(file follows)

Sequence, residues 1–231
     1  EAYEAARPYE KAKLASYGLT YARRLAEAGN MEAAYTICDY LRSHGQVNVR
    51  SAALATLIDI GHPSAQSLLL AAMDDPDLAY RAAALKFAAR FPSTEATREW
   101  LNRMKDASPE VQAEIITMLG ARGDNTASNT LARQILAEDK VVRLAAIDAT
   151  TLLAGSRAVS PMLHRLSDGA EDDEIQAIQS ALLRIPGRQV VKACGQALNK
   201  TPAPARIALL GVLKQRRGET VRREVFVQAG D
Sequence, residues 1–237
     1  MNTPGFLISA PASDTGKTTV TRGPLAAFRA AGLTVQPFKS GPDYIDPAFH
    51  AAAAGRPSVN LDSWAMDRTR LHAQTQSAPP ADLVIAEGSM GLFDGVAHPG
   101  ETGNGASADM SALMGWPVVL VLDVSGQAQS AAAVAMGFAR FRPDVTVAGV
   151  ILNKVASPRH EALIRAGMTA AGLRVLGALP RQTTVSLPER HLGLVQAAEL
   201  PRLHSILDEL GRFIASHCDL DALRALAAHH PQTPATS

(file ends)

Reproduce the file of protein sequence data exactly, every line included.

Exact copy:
Sequence, residues 1–231
     1  EAYEAARPYE KAKLASYGLT YARRLAEAGN MEAAYTICDY LRSHGQVNVR
    51  SAALATLIDI GHPSAQSLLL AAMDDPDLAY RAAALKFAAR FPSTEATREW
   101  LNRMKDASPE VQAEIITMLG ARGDNTASNT LARQILAEDK VVRLAAIDAT
   151  TLLAGSRAVS PMLHRLSDGA EDDEIQAIQS ALLRIPGRQV VKACGQALNK
   201  TPAPARIALL GVLKQRRGET VRREVFVQAG D
Sequence, residues 1–237
     1  MNTPGFLISA PASDTGKTTV TRGPLAAFRA AGLTVQPFKS GPDYIDPAFH
    51  AAAAGRPSVN LDSWAMDRTR LHAQTQSAPP ADLVIAEGSM GLFDGVAHPG
   101  ETGNGASADM SALMGWPVVL VLDVSGQAQS AAAVAMGFAR FRPDVTVAGV
   151  ILNKVASPRH EALIRAGMTA AGLRVLGALP RQTTVSLPER HLGLVQAAEL
   201  PRLHSILDEL GRFIASHCDL DALRALAAHH PQTPATS